produced them
 Belzoni was a circus strongman with knowledge of
hydraulics, stuck in Egypt to become a pillager
 He used destructive methods, but took notes, 
made illustrations and observations
Interest in what ancient “things had to tell is the 
beginning of the science of archaeology
d) Jens Jacob Asmussen Worsaae: The First Professional  Archaeology Professional archaeologists had to set out to create
a chronology of the collections generated by 
antiquarians.
Jens, J.A. Worsaae a native of Denmark (1821-
1885)  was fascinated by artifacts. (He worked in a 
museum)
He received informal training from Christian 
Thomsen
 (1788-1865) who devised the 
typological scheme of Stone Age, Bronze Age 
and Iron Age. 
Introduced inquiry into archaeology: excavating to 
answer questions 
Demonstrated existence of middens or trash
heaps 
Documented potsherds, or fragments of 
pottery, along with charcoal, bones and 
stone implements
e)  Alfred Vincent Kidder (1885-1963)
background image Graduated from Harvard with the 6 th  Ph.D in  anthropology and archaeology. Using potsherds explained how ceramic 
decoration could help determine cultural 
relationships among prehistoric groups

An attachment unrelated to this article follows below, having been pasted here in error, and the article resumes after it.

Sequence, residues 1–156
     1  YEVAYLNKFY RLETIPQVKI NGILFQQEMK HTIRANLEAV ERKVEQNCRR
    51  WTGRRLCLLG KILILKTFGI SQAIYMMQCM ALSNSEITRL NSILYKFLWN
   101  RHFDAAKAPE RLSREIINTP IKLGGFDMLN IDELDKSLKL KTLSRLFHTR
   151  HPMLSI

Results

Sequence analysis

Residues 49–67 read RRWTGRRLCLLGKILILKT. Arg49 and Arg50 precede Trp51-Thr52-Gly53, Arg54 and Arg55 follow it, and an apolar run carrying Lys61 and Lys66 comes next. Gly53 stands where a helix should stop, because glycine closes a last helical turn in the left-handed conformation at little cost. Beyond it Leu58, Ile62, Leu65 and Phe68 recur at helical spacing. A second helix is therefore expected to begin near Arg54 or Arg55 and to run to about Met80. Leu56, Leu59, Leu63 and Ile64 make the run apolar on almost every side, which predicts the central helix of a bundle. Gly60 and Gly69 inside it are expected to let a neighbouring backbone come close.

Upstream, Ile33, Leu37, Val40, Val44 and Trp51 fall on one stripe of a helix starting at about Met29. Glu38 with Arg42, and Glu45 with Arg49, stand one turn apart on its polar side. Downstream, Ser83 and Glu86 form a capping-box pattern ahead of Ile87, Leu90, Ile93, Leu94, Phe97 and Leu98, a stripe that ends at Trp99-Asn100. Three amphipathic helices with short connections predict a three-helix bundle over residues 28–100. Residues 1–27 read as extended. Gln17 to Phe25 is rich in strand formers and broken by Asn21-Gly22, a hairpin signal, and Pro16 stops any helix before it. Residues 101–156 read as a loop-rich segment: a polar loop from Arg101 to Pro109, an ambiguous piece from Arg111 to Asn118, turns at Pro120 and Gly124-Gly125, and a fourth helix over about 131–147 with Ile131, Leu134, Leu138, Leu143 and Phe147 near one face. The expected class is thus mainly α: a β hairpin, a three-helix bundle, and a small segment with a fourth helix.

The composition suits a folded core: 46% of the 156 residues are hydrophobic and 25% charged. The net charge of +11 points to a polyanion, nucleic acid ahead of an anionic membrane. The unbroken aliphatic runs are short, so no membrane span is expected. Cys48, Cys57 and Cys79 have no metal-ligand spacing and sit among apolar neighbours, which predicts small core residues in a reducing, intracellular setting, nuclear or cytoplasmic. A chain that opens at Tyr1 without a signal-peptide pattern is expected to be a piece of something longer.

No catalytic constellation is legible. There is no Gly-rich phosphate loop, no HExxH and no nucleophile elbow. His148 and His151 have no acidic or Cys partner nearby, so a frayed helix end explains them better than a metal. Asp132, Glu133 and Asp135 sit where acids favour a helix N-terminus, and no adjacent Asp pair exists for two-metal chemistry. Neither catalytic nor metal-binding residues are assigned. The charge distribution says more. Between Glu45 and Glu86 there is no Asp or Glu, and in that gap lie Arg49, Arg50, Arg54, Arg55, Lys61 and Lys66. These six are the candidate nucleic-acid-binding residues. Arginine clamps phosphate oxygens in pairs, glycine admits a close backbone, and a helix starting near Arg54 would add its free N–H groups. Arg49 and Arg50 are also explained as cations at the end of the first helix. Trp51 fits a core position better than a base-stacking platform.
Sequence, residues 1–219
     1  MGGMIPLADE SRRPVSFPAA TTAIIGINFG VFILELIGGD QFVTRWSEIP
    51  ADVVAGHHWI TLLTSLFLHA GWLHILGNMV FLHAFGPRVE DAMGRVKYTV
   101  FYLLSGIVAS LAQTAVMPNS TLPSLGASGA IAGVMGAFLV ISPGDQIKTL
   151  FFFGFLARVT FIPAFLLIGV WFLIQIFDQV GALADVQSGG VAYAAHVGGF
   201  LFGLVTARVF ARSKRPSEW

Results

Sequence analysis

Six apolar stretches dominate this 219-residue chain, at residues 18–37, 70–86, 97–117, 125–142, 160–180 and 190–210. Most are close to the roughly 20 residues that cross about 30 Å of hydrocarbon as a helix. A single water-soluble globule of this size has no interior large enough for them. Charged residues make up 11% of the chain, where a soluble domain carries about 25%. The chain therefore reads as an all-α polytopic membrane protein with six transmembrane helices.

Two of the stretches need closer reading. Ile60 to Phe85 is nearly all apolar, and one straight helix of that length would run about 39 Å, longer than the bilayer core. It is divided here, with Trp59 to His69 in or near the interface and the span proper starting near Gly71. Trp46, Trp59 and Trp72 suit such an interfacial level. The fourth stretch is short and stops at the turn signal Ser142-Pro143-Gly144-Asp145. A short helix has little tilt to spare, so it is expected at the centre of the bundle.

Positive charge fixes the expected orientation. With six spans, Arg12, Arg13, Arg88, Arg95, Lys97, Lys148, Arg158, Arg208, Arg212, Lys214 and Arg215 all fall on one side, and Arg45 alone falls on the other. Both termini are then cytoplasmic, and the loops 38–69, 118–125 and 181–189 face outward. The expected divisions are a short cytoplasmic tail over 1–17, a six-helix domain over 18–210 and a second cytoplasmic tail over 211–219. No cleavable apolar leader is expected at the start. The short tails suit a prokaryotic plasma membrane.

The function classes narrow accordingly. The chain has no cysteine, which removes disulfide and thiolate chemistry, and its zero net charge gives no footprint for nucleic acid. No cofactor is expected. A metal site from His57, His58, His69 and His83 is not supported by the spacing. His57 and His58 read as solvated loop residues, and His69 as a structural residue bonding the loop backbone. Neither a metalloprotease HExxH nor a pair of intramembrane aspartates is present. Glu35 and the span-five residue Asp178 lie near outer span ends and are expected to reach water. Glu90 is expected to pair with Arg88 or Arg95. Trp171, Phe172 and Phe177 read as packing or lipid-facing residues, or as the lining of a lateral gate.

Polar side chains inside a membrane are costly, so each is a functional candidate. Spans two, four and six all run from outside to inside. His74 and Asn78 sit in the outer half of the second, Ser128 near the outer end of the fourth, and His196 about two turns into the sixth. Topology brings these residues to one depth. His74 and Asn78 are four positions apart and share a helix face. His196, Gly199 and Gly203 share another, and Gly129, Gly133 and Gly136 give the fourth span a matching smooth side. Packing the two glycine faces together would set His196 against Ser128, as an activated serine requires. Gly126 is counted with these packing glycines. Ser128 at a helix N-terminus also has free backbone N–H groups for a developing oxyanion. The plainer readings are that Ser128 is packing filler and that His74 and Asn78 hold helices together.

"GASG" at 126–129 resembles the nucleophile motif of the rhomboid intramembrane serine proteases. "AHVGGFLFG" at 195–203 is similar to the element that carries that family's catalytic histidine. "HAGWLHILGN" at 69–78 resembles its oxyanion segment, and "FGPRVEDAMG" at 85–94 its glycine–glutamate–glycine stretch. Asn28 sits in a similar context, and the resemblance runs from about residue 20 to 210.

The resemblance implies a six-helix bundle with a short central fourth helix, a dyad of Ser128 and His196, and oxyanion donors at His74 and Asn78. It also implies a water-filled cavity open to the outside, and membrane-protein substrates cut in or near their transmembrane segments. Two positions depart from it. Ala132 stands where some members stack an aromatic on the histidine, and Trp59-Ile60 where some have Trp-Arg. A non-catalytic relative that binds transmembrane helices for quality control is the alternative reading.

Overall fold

Established archaeology as “the branch of 
anthropology which deals with prehistoric peoples”
:from things to people 
American Southwest Pecos Pueblo, New 
Mexico
Maya ruins of Central America Additional notes:  o Pottery trends changed generally every  10-20 years o Extremely rare for archaeologists to find  clothing/organic materials o When clay is fired, it becomes inorganic
o Bones found vary according to density of 
bones and environment that they are 
found in
f) Gertrude Caton-Thompson (1888-1985) Advanced archaeology intellectually, and studied 
various disciplines
Studied settlement patterns: excavated a village 
site in Egypt
Conducted interdisciplinary work: surveyed the 
northern Fayum Desert in Egypt, working with Sir 
Flinders Petrie 
Established the importance of site 
stratigraphy a site’s physical structure 
produced by the deposition of geological 
and/or cultural sediments into layers, or 
strata to reveal age and original inhabitants
Great Zimbabwe site proved the indigenous 
people built site
IV. Archaeology at Mid-Twentieth Century a) Most professional archaeologists worked with museums,  universities, or private sectors to preserve cultural 
heritage.
b) Most were practicing culture history documenting how  material culture changed over time and space. c) Main goal-tracking the migrations and developments of  prehistoric cultures d) H. Marie Wormington: Ancient Man of North America

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School: Florida State University
Department: Art History
Course: Introduction to Archaeology
Professor: Peres
Term: Fall 2016
Tags: Intro to Archaeology and Archaeology
Name: Study guide for Chapters 1-4
Description: This is my rough draft of a study guide, I'll update it as soon as I can.
Uploaded: 02/07/2018
21 Pages 99 Views 79 Unlocks
  • Better Grades Guarantee
  • 24/7 Homework help
  • Notes, Study Guides, Flashcards + More!